Skip to main content

This version of GitHub Enterprise was discontinued on 2023-07-06. No patch releases will be made, even for critical security issues. For better performance, improved security, and new features, upgrade to the latest version of GitHub Enterprise. For help with the upgrade, contact GitHub Enterprise support.

Configuring your server to receive payloads

Learn to set up a server to manage incoming webhook payloads.

Now that our webhook is ready to deliver messages, we'll set up a basic Sinatra server to handle incoming payloads.

Note: You can download the complete source code for this project from the platform-samples repo.

Writing the server

We want our server to listen to POST requests, at /payload, because that's where we told GitHub our webhook URL was. Because we're using ngrok to expose our local environment, we don't need to set up a real server somewhere online, and can happily test out our code locally.

Let's set up a little Sinatra app to do something with the information. Our initial setup might look something like this:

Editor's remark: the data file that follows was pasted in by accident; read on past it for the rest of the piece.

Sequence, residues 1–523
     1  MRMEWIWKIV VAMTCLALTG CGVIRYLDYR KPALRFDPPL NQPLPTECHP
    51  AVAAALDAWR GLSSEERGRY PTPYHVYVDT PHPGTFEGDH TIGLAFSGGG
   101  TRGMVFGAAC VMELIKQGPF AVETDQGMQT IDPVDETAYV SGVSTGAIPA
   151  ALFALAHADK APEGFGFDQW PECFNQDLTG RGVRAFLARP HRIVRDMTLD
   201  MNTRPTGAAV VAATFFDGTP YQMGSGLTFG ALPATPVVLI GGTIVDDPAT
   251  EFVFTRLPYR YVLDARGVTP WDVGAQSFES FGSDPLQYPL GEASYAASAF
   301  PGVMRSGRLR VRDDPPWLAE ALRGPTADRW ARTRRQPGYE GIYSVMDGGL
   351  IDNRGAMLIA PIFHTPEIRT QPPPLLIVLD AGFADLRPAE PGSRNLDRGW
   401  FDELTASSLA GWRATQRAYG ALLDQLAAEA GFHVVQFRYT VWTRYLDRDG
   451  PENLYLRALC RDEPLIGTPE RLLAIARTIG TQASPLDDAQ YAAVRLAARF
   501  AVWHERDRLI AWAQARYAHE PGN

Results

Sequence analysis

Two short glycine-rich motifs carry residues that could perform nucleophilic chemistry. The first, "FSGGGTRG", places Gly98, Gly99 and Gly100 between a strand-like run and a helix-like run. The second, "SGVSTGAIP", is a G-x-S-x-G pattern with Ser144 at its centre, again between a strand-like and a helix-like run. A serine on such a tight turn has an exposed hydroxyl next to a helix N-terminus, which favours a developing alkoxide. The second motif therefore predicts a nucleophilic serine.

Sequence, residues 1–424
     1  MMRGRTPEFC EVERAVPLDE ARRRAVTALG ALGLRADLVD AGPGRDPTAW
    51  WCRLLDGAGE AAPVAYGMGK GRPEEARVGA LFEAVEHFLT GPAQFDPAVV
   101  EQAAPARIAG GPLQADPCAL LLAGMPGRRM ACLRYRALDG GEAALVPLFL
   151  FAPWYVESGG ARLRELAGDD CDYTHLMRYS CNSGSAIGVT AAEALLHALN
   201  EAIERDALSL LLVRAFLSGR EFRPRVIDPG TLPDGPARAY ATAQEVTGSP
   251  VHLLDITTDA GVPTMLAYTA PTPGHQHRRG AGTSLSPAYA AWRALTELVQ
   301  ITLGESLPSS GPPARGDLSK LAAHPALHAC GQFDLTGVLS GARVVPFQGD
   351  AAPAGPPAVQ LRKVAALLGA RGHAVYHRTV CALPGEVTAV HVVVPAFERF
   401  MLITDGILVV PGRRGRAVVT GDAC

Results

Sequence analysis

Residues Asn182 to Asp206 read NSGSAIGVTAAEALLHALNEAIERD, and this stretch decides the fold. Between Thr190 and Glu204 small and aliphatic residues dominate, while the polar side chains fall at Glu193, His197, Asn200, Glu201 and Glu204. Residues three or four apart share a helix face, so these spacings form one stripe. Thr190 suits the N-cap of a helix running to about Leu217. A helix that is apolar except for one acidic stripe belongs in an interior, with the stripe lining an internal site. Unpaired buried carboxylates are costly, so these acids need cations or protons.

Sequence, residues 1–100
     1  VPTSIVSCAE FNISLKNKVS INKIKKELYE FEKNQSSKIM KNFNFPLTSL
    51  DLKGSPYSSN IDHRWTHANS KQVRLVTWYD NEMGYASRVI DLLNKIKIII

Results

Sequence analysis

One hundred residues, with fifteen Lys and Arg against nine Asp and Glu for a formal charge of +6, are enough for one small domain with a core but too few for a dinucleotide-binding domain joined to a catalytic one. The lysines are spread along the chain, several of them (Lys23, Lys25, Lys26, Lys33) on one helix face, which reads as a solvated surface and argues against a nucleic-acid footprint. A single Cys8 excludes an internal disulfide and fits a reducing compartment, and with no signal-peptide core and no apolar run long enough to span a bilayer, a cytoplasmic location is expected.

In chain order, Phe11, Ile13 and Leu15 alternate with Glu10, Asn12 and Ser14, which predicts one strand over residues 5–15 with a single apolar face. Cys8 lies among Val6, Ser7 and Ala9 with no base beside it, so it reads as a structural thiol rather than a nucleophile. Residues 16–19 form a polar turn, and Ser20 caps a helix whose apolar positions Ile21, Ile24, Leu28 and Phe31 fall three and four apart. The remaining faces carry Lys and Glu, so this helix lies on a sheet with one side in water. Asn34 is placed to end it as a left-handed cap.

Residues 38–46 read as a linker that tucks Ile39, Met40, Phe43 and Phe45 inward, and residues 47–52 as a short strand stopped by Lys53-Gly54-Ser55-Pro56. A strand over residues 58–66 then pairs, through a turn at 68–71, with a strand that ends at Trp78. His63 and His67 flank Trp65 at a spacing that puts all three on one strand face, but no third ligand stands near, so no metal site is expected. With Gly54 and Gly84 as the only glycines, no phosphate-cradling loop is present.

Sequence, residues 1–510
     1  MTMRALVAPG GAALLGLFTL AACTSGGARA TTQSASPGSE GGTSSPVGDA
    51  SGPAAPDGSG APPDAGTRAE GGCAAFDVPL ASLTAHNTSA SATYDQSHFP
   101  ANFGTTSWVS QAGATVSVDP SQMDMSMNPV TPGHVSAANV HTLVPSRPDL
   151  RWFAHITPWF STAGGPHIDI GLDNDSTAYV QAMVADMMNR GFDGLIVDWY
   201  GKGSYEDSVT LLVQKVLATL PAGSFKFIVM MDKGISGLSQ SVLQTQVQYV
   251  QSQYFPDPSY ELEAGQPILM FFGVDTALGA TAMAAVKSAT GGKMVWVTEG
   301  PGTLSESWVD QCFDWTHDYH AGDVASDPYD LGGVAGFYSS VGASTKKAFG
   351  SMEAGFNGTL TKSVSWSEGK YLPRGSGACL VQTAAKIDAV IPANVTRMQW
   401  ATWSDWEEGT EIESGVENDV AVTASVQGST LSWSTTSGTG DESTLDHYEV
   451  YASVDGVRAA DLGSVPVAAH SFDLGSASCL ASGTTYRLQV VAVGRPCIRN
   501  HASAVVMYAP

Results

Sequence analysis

require 'sinatra'
require 'json'

post '/payload' do
  push = JSON.parse(
  puts "I got some JSON: #{push.inspect}"

(If you're unfamiliar with how Sinatra works, we recommend reading the Sinatra guide.)

Start this server up.

Since we set up our webhook to listen to events dealing with Issues, go ahead and create a new issue on the repository you're testing with. Once you create it, switch back to your terminal. You should see something like this in your output:

$ ~/Developer/platform-samples/hooks/ruby/configuring-your-server $ ruby server.rb
> == Sinatra/1.4.4 has taken the stage on 4567 for development with backup from Thin
> >> Thin web server (v1.5.1 codename Straight Razor)
> >> Maximum connections set to 1024
> >> Listening on localhost:4567, CTRL+C to stop
> I got some JSON: {"action"=>"opened", "issue"=>{"url"=>"...

Success! You've successfully configured your server to listen to webhooks. Your server can now process this information any way you see fit. For example, if you were setting up a "real" web application, you might want to log some of the JSON output to a database.

For additional information on working with webhooks for fun and profit, head on over to the Testing Webhooks guide.